Wednesday, February 12, 2014

Why Support For Better Cuba Relations Means Little

Much is being made of the new Atlantic Council poll indicating that a majority of Americans support normalizing relations with Cuba. This isn't particularly new, and raises similar questions that have been raised in the past. The big one is if popular sentiment goes along these lines, then why does the policy as a whole not budge?

I think the core of the answer is pretty simple. The vast majority of Americans don't care at all about Cuba. Those who support normalization don't care very much about it. On a list of priorities they would place it really, really, low. Therefore if it never happens, they remain unconcerned, and will never alter their voting behavior as a result.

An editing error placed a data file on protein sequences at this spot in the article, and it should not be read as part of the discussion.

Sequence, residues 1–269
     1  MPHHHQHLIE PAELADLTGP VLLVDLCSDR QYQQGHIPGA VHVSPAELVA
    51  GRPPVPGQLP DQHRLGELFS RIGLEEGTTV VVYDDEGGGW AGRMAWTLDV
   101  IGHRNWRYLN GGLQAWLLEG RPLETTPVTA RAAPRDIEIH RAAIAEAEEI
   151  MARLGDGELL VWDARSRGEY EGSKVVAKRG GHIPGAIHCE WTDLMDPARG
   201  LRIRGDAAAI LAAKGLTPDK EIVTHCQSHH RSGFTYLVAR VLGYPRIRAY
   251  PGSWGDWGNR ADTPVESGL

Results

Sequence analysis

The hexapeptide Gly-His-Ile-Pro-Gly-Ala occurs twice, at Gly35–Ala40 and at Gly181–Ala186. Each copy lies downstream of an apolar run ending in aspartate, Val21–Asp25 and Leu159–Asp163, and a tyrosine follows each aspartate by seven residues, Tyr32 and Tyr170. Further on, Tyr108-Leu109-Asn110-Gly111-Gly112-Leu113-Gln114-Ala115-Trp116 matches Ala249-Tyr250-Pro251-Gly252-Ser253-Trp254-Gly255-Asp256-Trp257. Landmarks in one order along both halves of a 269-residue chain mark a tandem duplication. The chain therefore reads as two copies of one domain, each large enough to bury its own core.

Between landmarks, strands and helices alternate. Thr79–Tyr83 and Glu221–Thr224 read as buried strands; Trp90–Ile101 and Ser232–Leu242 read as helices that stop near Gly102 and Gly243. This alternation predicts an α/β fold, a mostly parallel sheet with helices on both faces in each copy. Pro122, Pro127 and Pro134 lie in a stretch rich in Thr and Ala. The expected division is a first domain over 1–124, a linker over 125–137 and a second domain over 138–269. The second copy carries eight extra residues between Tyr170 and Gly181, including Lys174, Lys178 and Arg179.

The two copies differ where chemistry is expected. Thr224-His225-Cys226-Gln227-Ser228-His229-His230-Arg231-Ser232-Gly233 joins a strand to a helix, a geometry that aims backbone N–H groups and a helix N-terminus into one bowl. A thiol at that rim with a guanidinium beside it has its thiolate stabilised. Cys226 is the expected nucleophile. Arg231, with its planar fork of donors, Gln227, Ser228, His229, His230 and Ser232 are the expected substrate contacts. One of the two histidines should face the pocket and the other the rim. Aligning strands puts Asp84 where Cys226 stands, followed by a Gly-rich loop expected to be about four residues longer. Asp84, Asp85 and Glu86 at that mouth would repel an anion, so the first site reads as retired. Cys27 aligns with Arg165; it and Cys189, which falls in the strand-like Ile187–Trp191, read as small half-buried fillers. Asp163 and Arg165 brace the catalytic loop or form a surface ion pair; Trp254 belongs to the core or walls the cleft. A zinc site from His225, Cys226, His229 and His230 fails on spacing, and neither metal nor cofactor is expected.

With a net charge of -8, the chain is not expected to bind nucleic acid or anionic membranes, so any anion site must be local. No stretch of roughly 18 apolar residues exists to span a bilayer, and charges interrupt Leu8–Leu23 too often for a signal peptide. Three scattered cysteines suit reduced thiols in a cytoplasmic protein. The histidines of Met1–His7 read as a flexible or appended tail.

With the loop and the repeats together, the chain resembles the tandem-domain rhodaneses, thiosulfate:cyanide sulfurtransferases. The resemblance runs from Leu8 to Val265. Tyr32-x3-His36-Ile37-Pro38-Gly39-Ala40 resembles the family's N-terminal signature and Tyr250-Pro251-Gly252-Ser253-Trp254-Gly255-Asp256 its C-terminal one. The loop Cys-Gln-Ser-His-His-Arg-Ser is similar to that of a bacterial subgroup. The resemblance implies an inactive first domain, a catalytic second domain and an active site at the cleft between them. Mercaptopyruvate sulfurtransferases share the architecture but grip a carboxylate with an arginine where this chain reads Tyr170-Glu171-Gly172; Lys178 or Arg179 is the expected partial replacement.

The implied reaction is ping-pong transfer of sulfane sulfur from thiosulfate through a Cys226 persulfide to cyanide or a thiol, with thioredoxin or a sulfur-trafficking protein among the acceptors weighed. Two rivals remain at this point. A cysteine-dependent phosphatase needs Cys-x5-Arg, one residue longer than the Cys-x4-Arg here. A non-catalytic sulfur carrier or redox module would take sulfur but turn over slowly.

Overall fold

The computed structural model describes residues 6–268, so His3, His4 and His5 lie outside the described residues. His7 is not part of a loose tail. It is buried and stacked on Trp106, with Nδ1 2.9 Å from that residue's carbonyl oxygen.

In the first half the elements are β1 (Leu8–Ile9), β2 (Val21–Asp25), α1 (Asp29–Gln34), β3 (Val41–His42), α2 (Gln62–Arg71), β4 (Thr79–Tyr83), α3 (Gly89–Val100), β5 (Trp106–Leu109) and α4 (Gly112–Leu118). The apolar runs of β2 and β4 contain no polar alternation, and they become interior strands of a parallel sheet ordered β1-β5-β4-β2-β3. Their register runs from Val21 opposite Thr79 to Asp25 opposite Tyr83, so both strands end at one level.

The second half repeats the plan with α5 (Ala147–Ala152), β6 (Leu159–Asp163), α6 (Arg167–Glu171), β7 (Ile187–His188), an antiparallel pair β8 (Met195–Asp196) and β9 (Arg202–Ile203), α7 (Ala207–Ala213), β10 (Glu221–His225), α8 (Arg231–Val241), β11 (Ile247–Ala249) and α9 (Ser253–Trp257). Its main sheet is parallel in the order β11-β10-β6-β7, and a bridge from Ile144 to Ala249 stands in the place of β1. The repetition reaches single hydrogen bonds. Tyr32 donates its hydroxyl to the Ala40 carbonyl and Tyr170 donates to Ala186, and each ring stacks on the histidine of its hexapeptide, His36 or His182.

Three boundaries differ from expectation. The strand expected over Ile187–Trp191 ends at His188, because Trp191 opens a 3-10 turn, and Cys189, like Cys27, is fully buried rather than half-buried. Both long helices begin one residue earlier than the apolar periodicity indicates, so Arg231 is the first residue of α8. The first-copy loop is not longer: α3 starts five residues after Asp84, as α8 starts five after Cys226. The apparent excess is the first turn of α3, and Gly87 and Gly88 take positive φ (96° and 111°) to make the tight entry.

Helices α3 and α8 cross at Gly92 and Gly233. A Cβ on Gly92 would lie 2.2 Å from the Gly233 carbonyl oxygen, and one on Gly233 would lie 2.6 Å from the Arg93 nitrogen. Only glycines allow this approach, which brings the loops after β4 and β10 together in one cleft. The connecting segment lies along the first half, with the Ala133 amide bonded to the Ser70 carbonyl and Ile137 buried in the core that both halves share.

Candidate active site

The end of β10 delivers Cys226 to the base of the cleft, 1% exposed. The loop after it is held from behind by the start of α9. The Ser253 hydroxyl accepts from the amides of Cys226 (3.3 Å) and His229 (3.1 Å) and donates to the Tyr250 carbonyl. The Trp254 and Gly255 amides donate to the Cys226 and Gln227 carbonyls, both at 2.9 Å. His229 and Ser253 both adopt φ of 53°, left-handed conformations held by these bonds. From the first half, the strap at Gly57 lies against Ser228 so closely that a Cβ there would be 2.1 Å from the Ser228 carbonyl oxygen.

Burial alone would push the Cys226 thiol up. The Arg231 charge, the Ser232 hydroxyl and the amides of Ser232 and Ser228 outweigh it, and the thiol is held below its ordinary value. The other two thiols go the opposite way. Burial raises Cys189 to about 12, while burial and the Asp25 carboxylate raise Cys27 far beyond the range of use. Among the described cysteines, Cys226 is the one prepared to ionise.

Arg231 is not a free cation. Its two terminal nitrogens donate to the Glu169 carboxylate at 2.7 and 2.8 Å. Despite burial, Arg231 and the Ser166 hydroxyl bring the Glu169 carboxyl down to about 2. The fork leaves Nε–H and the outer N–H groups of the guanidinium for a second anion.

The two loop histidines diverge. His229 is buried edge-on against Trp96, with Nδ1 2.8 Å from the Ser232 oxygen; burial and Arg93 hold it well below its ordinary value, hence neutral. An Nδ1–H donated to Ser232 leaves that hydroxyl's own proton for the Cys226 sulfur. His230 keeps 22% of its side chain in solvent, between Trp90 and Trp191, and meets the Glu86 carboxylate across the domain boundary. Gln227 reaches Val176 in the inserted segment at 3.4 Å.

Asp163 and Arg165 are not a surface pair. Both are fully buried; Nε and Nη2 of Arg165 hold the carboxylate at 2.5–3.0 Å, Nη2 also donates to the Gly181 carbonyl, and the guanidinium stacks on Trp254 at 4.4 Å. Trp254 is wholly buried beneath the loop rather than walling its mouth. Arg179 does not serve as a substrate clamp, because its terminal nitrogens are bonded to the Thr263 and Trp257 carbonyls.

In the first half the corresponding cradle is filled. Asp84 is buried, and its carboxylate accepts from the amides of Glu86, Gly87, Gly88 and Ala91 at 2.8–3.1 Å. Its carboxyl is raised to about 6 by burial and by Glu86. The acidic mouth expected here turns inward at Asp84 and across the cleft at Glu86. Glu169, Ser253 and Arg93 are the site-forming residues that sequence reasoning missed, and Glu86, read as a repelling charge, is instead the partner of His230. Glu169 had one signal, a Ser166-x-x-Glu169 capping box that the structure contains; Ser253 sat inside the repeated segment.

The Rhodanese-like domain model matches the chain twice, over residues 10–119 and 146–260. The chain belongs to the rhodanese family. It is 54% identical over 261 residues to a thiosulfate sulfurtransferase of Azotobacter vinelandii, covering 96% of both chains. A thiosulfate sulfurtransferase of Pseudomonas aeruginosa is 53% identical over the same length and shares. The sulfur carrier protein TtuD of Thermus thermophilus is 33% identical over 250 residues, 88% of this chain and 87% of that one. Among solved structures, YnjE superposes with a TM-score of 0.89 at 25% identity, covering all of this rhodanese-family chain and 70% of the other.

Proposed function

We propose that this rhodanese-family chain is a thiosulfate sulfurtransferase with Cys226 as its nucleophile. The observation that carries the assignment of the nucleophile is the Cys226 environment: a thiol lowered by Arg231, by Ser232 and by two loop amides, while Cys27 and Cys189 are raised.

The tiny minority of Americans of oppose normalization care about it very deeply. On a list of priorities it would be high; for some, number one. Therefore they will fight very hard, expend considerable political capital, and spend a lot of money to make sure the embargo and other similar policies remain firmly in place.

Therefore the second group wins. It simply does not matter what a majority of Americans support if they do not really care about it.


Peter pearl 4:09 AM  


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